prison, I pled guilty on December 22, 1964 to possession of narcotics. Because
I was being sentenced as a habitual offender, the sentence called for a
mandatory fifteen years, and up to life. I remember speaking to one court
official and telling him how I was still going to leave drugs alone and maybe
even start a drug program. I remember his words so well: The best thing
to do with guys like you, after the first time, is take you behind a building
and do you and everyone else a favor and put you out of your misery.
My attorney arranged for
me to go before the judge just before Christmas, feeling that the spirit of the
holiday might be in my favor. It may have worked. I made my plea to the judge
telling him of all the attempts I had made over the years to stop using drugs,
such as joining the Marines, committing myself to hospitals for psychiatric
care and therapy on several occasions, isolating myself in mining towns in a
personal attempt to kick the habit, and even how two marriages had not helped
me straighten up. I told him that in spite of all those failures, I was still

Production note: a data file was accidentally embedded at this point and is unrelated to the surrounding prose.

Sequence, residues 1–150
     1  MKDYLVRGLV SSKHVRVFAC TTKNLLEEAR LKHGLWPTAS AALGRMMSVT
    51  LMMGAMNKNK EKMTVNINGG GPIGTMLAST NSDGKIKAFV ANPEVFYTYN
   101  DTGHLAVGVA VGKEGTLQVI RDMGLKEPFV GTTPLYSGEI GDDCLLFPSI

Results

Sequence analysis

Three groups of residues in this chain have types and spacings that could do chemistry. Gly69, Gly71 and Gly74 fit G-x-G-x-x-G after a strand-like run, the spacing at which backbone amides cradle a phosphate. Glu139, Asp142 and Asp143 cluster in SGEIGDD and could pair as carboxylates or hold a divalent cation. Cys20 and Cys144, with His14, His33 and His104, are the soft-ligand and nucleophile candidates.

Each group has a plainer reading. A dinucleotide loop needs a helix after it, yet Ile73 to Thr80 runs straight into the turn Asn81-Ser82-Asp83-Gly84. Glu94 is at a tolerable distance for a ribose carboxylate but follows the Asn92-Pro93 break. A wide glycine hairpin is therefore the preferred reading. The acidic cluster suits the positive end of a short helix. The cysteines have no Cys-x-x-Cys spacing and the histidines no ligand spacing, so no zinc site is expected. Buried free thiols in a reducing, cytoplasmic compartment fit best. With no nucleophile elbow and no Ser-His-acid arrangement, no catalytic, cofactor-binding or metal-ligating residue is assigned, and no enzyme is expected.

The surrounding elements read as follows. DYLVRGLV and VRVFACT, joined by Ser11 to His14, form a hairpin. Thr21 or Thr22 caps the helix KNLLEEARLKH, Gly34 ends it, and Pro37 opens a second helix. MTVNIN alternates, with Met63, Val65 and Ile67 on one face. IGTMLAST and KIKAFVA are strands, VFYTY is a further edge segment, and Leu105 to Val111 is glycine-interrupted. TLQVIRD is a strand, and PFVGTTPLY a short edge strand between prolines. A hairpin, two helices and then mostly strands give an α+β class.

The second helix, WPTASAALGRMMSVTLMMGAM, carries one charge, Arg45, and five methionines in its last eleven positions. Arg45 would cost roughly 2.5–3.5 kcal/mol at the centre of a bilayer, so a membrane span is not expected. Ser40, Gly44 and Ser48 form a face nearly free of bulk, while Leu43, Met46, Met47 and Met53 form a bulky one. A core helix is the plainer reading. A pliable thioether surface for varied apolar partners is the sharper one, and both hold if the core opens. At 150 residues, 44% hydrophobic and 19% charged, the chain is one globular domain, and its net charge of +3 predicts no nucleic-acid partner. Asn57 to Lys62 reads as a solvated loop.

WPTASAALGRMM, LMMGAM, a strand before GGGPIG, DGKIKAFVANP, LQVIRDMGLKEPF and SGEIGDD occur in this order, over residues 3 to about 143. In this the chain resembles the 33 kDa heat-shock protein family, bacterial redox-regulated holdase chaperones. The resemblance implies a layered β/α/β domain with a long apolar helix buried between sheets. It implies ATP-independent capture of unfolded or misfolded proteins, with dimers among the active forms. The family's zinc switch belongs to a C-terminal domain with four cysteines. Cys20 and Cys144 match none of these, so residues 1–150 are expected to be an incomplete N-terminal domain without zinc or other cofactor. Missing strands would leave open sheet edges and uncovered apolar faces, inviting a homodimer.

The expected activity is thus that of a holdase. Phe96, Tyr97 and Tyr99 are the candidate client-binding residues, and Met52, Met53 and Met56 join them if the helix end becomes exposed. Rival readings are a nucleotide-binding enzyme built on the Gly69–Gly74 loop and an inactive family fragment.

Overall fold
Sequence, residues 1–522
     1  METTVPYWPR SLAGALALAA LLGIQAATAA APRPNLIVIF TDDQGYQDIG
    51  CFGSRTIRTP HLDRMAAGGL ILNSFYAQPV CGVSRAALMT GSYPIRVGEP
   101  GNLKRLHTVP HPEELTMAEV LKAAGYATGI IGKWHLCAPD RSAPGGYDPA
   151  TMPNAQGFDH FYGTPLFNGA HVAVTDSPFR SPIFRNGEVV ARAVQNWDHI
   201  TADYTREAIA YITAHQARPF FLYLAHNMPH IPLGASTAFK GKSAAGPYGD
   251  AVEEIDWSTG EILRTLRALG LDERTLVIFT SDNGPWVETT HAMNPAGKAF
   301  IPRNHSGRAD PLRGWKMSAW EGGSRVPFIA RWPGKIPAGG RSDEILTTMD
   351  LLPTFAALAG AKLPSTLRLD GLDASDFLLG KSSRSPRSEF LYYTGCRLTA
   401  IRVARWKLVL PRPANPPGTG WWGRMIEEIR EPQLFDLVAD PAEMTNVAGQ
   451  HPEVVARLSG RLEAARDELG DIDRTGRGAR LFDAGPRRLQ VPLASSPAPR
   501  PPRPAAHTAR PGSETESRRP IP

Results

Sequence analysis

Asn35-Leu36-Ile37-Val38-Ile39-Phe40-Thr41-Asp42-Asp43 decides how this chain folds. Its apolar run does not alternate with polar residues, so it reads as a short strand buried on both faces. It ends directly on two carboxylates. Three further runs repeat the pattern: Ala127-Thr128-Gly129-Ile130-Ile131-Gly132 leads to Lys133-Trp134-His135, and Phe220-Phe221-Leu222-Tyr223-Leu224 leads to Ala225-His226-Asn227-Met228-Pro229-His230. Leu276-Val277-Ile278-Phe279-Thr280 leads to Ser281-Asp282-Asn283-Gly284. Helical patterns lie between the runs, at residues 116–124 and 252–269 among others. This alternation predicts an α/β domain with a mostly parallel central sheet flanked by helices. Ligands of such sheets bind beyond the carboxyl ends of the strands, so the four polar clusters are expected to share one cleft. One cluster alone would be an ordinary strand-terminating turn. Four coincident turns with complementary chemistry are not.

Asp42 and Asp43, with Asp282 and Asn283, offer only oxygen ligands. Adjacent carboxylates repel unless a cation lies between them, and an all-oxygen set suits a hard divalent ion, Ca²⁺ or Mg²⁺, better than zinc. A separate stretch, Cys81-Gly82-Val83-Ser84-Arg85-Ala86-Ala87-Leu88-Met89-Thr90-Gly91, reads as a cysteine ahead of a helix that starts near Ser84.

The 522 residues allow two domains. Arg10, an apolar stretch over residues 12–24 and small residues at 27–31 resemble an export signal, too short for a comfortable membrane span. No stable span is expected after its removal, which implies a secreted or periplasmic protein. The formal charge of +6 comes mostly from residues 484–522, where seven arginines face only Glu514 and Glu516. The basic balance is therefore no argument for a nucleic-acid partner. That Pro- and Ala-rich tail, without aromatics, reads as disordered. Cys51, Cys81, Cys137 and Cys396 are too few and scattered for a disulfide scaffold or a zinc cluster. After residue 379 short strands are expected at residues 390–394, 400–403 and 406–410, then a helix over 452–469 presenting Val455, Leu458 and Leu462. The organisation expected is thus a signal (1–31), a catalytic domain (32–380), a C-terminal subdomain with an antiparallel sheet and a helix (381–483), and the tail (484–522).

going to make it and was going to find a solution to my problem, that I had not
yet quit. He must have believed there was still a spark of hope for me. He
sentenced me to the mandatory fifteen years, but instead of running it to life,
he made the term fifteen to sixteen years.
After arriving at
prison, a friend of mine gave me some reading material to keep me occupied
while I was in the Orientation Cellblock pending transfer to general
population. Among the material was an old, tattered book, Fundamentals of
Thought, by L. Ron Hubbard. I had heard of his writings when I previously
served a ten-year sentence at Arizona State Prison, but had never read them. I
had always been an avid reader of books dealing with human behavior. Yet, this
small book impressed me more than anything else I had ever read before. I read
it over and over and then purchased additional books by Mr. Hubbard and studied
them very carefully during the following year, even into the late hours of the
night in my cell.
The material identified
human abilities and their development. I was amazed I had never run across such
workability within a multitude of other works I had studied over the years.
Im not a gullible person when it comes to accepting new or different
approaches or ideas. If they work, fine. Otherwise, throw them out the window.
They either work or they dont. I was tired of experimenting with so many
ideas and philosophies, many having credence only because some
authority had written them.
What impressed me the